Audio Spatializer implementation and distribution challenges

During the development of a spatializer plugin for Unity3D, some questions arose that remain unanswered in the documentation:

  1. The maximum input magnitude of data for the spatializer. We have observed that pitching is applied before the spatializer and we know that distance attenuation is also applied before the spatializer. I.e. the max input data magnitude can only exceed full scale (1.0) if there is no distance attenuation and resampling after pitching causes overshoots. Not all resampling strategies will generate overshoot. Can we be sure that the input never exceeds full scale?

  2. The maximum recommended magnitude of output audio data from the Spatializer plugin. Since the output data are floats, it is possible to output data greater than full scale (magnitude 1.0). Ideally, the perceived loudness of the audio after HRTF processing should match the perceived loudness of the input data but in some cases, the output data will then overshoot full scale with several dB. What is the maximum Spatializer output magnitude you support without causing clipping?

  3. In your documentation it says: “Output sample rate. If set to 0, the sample rate of the system will be used. Also note that this only serves as a reference as only certain platforms allow changing this, such as iOS or Android.”
    Do you have a rule of thumb for what sample rates should be supported for Android and iOS to cover the majority of devices?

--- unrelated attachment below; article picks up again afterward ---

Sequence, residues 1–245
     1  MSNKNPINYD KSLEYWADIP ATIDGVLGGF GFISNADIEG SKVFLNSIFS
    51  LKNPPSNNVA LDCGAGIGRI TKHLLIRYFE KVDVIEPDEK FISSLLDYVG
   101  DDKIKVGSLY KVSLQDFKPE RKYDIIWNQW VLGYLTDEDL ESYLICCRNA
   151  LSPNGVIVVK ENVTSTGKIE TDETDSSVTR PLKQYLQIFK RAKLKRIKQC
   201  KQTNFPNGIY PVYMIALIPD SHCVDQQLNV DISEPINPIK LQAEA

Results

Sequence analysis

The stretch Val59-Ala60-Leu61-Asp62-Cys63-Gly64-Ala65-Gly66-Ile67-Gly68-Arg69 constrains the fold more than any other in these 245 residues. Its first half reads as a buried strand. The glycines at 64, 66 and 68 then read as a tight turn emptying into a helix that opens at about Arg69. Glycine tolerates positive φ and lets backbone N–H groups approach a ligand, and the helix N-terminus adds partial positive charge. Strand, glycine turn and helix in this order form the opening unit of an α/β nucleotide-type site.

4. Our tests have shown that in Unity 5.3.2f1 the “Doppler Level” for an audio source does not have any effect when “Spatializate” is enabled. There is no Doppler effect. As a workaround we implemented the Doppler effect by changing the pitch in a script. Is it intentional that there is no Doppler effect or is it a bug?

  5. Our Spatializer plugins are proprietary and are not going to be free. We have noticed how easy it is to extract a spatializer plugin from for instance an Android apk file. Furthermore, there is no copy protection when delivering it in a Unity package. Is there any way to prevent illegal copying of our plugins?

Best Regards,
Kim Therkelsen

Hi Kim,

  1. In general you shouldn’t make any assumptions about the dynamic input range, as it depends on the codec used. Also future versions may provide a way to allow effects before spatialization.

  2. Same here. Users could be processing this signal by additional effect components or when the spatialized signal gets routed into the audio mixer, so there are many potential sources for further dynamic processing. At the final output stage just before hitting the sound card everything gets clipped to the [-1; 1] range. This is done in order to make the editing consistent with whatever clipping certain output platforms may apply (i.e. Windows/OSX/mobiles have a built-in limiter, wheres consoles don’t).

  3. You should always query this through UnityAudioEffectState and try not make any assumptions about it. In that regard our own Plugin_Spatializer.cpp example is horribly wrong by not resampling the IRs to the target system rate. Given the huge amount of Android devices, I don’t know a rule of thumb for device capabilities.

  4. Yes, this is a known bug that we already have a fix for. Can’t put any ETA on the release though.

  5. Copy-protection is not anything we provide a solution for. I also think it’s a bit beyond of the scope of the audio plugin SDK as such. Since the audio SDK is based on the generic native plugins you may be able to take a look at how other Unity extensions handle this. Also note that since all your functions of the plugin are within the same process space, you may be able to make some extra DllImport functions accessed from C# to handle the unlocking of your audio callback processing code.